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#4 Two Pointer technique

This pattern is commonly used to solve array problems very efficiently. Whenever an array question deals with finding two numbers in an array that satisfy a certain condition, either directly or indirectly, a two-pointer should be the first strategy that comes to mind.

Consider the classic two-sum problem, which asks you to find which of two elements in an array adds to another number. although there may be many solutions, it only asks for one. Let’s say we have an array [13,9,4,7,8].

Brute force solution would be to use bubble sort to find the occurrence which would need O(n^2). With a two-pointer, we could bring the time complexity to O(n).

The above problem doesn’t require sorting but let’s try this out with sorting and pointer at the same time.

So once the array is sorted it would look like this [4,7,8,9,13].

Now we place one pointer at the start and the other at the end, because the array is sorted, this corresponds to the smallest and largest numbers, respectively. With each step, we calculate the sum of the 2 numbers being pointed.

If the sum is less than the target, we want to increase the left pointer by 1 position because moving right would further reduce the sum. instead, if the sum is greater than the target then we would move the right pointer to left. Once, the solution is found we could break from the loop.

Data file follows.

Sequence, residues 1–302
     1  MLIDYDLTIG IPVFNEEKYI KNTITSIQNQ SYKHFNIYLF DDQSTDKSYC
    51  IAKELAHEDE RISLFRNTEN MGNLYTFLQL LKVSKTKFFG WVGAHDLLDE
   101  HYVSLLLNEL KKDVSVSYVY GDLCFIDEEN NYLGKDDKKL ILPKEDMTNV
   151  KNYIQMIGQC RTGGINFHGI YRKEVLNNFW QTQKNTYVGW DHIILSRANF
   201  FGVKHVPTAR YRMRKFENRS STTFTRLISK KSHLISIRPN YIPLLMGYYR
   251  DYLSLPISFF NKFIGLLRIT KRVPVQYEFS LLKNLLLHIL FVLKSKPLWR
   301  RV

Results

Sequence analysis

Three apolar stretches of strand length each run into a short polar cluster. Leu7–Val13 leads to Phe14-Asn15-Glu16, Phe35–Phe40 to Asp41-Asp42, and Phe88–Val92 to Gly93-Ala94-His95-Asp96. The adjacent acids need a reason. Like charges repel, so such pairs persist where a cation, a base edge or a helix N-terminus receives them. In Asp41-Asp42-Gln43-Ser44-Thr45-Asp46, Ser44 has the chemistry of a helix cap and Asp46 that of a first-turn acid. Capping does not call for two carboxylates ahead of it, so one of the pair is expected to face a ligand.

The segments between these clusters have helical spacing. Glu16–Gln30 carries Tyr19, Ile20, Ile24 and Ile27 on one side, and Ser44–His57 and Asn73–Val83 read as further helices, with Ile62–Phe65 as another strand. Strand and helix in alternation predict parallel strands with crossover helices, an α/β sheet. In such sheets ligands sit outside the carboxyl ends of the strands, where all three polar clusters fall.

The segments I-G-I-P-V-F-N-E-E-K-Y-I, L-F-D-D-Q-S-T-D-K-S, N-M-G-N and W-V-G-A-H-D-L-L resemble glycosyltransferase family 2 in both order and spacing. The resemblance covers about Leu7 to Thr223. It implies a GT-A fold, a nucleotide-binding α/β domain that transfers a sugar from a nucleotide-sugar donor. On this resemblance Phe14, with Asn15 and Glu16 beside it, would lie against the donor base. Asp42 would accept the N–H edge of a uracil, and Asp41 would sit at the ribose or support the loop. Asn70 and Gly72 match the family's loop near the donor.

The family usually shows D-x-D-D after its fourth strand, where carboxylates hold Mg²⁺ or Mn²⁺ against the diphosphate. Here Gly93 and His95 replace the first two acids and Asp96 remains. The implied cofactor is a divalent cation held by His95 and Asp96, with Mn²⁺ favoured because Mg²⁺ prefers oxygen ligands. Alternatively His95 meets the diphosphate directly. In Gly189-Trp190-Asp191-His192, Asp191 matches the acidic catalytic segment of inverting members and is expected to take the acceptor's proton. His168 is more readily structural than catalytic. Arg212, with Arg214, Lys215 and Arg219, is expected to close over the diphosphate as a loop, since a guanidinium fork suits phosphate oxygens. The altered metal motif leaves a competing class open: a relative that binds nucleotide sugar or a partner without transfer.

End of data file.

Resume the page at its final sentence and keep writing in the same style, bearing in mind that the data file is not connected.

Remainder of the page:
Two pointer is not limited to putting pointers at both the end

  • two pointers begin on the same side.
  • two pointers begin on opposite sides.
  • two pointers are separated by a fixed distance b/w them.
  • one pointer moves at a different pace than the other.

Let’s look at a similar but more complex problem. consider the following arrangement of vertical sticks, whose lengths are written below them you need to find the two sticks which contain max water b/w them

If we would think a bit we could make this out as an array with the following values [1,8,9,4,11,15,3,5] where the position of the stick is index and height is the value.

The distance b/w each stick is one unit, what is the maximum amount of water one could hold b/w two sticks. so you need to calculate the area.

Note: we shouldn’t think about sorting the sticks as distance is affected.

Let’s place 2 pointers at both ends and check the area store it as a variable. Now how do we move, we are trying to find the max area so it would be wise to move from the left as out of the 2 pointers left has the smallest value. so our strategy would be to move away from smaller sizes to reach the solution.

Sample Problems to test this out:

  • Identify palindromes within strings. For example, ‘abcdedc’ has the palindrome ‘cdedc’.
  • Find three numbers in an array that sum to zero. For instance, the solution for [-3, 2, 1, 7, 9] would be -3, 2, and 1.
  • Remove duplicates from an array. Convert [1, 1, 1, 4, 4, 5, 5, 5] into [1, 4, 5].
  • Merge two sorted lists. Convert [1, 3, 4, 6] and [2, 4, 7, 7] into [1, 2, 3, 4, 6, 7, 7].

Linked List -two pointer template:

// Initialize slow & fast pointers
ListNode slow = head;
ListNode fast = head;
 * Change this condition to fit specific problem.
 * Attention: remember to avoid null-pointer error
while (slow != null && fast != null && != null) {
    slow =;           // move slow pointer one step each time
    fast =;      // move fast pointer two steps each time
    if (slow == fast) {         // change this condition to fit specific problem
        return true;
return false;   // change return value to fit specific problem

This is a reproduction work from the article



Published inData Structures

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